ZK-FGS - Spatial Disorientation in Poor Weather
Location: Waipara River, Cantebury, NZ
Date: 07 August 2005
Type of Aircraft: Cessna 182R
A pilot and his wife were on the final leg of a flight that they were undertaking. The flight departed from Nelson airport at 1.42PM. Their destination was a private airstrip, about 18km west of Christchurch. A Radar track of the aircraft was recorded for its entire journey. They travelled through Malborough Sounds, passed Woodbourne, and down the east coast of the south island, towards Christchurch. At Kaikoura it was noted that they decended gradually, at first down to 600 feet, and then going below the minimum legal height of 500 feet. At 3.15pm the aircraft disappeared from radar. The aircraft was reported missing the next day by the Pilot's neighbour, who had noticed that the aircraft had not returned as expected.
The pilot held a Private Pilots Licence, however his class 2 medical certificate had expired in July 2005 and had not been renewed. The pilots total flight time could not be determined, as his log book was in the aircraft with him and was unreadable. The pilot did not hold an Instrument Rating, and so should have been maintaining visual flight at all times.
The aircraft had a current airworthiness certificate, with no recorded defects.
At the time of the flight, a low pressure system existed over New Zealand. Satellite imagery revealed heavy cloud over the east coast of the South Island. The pilot obtained weather forcasts for Nelson, Woodbourne and Christchurch, but the Christchurch weather forcast was later updated, and predicted worsening weather conditions, with low cloud and poor visibility. This weather was indicated in Area Forcast, but the weather forcast that the pilot obtained did not include the Area Forcasts for where the pilot would be travelling. After take off, the pilot did not attempt to get any updates about weather at his destination.
Other pilots flying in the area reported that they had to either divert their flights or return the way they had come, as weather in the area was below visual flight minimums.
The aircraft wreckage that was recovered from the ocean showed significant damage which would have occured from a high speed impact.
- The pilot did not have a valid medical certificate, and therefore was not appropriatly licenced to carry out the flight
- The pilot probably had an inaccurate perception of enroute weather conditions approaching his destination
- The pilot continued to fly at a low altitude and into deteriorating weather conditions.
- It appears that the pilot became spatially disorientated, and because he did not have the training to deal with this, could not control the aircraft and impacted the sea.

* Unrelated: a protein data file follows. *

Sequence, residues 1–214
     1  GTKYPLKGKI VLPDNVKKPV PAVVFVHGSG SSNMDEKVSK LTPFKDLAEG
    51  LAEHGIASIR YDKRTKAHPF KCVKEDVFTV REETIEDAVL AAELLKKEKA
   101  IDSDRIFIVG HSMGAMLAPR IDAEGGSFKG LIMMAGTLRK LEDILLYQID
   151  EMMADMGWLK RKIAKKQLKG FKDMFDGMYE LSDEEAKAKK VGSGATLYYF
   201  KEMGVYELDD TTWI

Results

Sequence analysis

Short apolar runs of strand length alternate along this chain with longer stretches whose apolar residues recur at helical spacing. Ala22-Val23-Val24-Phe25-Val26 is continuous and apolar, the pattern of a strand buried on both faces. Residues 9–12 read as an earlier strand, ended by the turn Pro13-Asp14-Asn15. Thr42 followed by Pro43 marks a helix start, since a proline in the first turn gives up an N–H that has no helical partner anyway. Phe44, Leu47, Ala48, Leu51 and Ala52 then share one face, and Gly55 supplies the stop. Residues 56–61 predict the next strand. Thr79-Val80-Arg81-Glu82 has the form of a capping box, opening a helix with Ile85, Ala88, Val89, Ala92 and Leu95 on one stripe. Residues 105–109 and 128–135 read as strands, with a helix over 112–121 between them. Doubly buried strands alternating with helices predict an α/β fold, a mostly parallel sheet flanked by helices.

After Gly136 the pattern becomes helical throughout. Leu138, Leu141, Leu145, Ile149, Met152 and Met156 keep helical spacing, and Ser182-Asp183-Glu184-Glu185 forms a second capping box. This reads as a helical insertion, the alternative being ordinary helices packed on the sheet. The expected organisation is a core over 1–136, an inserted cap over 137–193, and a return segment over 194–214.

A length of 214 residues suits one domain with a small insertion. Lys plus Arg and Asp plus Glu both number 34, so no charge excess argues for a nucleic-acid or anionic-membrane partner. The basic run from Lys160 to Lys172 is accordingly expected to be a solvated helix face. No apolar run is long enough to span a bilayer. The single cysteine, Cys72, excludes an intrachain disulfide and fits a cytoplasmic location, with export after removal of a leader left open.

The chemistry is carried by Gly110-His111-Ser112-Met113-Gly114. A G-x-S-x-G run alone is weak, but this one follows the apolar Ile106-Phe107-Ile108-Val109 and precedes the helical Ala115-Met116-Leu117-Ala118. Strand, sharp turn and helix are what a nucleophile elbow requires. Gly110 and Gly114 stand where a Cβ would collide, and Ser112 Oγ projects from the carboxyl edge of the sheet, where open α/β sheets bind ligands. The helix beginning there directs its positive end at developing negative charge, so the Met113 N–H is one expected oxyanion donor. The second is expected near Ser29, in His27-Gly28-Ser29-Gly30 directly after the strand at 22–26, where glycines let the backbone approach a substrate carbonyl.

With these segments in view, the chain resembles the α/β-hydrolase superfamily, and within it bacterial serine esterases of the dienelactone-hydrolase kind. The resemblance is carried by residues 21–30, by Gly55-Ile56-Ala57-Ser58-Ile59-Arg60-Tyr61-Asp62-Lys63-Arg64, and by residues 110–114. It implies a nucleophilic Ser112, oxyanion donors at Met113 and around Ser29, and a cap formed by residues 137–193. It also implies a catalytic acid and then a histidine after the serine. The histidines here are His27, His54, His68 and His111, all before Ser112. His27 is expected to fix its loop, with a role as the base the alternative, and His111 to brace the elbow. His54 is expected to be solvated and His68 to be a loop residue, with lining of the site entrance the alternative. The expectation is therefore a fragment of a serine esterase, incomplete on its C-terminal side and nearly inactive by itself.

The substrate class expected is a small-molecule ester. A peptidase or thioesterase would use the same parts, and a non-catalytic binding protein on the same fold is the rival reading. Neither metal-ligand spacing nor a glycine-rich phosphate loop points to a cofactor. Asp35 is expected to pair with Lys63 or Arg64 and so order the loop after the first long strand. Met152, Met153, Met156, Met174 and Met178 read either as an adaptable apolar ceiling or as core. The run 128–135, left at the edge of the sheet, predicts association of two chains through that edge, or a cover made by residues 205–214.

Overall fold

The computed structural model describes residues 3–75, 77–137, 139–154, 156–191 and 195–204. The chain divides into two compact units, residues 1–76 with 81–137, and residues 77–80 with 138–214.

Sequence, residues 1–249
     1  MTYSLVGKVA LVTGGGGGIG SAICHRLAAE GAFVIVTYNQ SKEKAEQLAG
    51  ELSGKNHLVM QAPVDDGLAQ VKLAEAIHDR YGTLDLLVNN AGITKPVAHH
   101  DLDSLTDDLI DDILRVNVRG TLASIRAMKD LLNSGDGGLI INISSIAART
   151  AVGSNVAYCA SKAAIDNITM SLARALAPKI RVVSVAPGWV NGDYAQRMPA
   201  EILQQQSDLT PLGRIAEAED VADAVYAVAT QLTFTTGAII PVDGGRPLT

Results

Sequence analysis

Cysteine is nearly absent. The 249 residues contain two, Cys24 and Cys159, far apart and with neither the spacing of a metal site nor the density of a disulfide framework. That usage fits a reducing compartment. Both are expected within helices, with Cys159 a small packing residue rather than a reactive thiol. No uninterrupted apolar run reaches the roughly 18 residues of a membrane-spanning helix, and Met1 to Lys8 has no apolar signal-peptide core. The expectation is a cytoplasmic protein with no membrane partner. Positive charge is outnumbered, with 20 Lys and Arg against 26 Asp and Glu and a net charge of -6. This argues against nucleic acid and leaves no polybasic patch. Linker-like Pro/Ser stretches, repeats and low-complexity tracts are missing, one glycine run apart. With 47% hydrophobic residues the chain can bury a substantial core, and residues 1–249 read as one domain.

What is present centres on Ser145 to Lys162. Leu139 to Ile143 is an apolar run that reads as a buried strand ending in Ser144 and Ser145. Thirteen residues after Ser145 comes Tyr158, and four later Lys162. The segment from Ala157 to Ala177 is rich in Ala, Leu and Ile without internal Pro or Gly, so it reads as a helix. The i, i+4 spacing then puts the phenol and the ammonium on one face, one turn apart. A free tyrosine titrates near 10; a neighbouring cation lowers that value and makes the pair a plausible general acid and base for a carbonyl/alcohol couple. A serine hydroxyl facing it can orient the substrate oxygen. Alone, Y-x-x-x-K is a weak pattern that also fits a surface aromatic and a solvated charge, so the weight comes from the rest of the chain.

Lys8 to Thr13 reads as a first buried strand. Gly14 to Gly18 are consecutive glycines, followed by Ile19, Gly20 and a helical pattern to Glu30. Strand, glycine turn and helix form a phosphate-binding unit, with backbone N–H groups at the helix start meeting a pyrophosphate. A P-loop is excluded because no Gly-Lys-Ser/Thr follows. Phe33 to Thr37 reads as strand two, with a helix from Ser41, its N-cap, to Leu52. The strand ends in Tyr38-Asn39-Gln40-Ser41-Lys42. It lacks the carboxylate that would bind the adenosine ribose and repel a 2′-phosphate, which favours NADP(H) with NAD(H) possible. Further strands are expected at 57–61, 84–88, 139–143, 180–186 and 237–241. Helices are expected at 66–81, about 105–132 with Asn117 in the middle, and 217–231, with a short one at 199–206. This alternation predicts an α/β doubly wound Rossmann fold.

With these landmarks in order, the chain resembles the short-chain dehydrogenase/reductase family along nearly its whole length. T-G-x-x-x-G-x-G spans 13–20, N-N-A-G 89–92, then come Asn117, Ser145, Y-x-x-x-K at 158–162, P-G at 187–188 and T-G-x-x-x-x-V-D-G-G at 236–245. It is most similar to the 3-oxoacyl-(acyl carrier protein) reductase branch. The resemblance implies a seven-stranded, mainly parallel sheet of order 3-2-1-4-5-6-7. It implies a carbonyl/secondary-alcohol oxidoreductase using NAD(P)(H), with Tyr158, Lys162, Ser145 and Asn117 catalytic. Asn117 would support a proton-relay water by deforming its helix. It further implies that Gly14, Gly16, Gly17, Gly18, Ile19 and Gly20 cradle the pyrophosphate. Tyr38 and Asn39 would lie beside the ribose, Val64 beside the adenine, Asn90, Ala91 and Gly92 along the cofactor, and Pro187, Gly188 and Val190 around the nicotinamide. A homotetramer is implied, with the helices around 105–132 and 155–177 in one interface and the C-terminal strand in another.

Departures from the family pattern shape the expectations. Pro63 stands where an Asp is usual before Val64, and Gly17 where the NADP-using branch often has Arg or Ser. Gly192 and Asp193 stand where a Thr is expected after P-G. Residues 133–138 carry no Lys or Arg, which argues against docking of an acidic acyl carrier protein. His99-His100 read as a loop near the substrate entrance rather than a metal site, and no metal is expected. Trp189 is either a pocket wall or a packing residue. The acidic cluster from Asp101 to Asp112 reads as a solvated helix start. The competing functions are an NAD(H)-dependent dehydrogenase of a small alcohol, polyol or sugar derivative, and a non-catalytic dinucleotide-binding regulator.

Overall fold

Lessons Taken from this Accident
This information has been provided in the CAA1 accident report as to what has been implemented since this accident occured:
"The January/February 2006 CAA Vector safety publication, which is issued to all document holders, contained an article “178 Seconds to Live”. This article examines the consequence of “risky weather decisions” and explains the phenomenon of spatial disorientation."
"The investigation revealed that, on the day of the accident, other pilots conducting private VFR flights along the east of the South Island had also been pressing on into conditions where they could not comply with the prescribed VFR minima, flying at low level in an attempt to remain clear of cloud and penetrate through the weather system. It appears that this may be a common practice in certain sectors of the aviation community, and should be actively discouraged."
"Where external visual references do not exist during flight in IMC, pilots who are proficient in instrument flying use strict standard operating procedures. They maintain a constant scan of all of the primary flight instruments. This counteracts any potential inadvertent response to strong signals from the dominant sensory perception mechanisms of the body such as the vestibular apparatus, (organs in the inner ear used for motion sensing), which can be a significant factor in why pilots become spatially disorientated. During PPL(A) training the student must demonstrate an ability to fly using instruments alone, however the PPL student is primarily trained to look outside the aircraft for visual reference. A ‘visually’ proficient pilot would find flight in IMC to be a very demanding and stressful situation and would tend to look outside the aircraft for reference, particularly in partial IMC, even in an aircraft which is fully IFR equipped."
"The tendency of pilots who are becoming unknowingly spatially disoriented, is generally to progressively apply control inputs to correct a perceived adverse aircraft attitude. This can result in departure from controlled flight before the pilot realises, and can react to, what is occurring. This effect is exacerbated when the aircraft is climbing, descending, turning or accelerating. A spiral dive will rapidly ensue if control is not recovered quickly and, depending on the conditions at the time, the pilot may be unable to regain a sense of orientation. This is particularly hazardous if this occurs at a low altitude. Then, impact with the ground, or in this case the sea, is almost inevitable."
Want to know more?
- CAA Accident Report
- The full accident report provided by the New Zealand Civil Aviation Authority
- Situational Awareness
- A page about how to maintain situational awareness.
- Wikipedia - Spatial Disorientation
- Information about Spatial Disorientation, and how it affects pilots.
- Vector 2006 Jan-Feb
- An issue of Vector magazine with the article that was printed after this accident occured, "178 Seconds to live".
Contributors to this page
Authors / Editors
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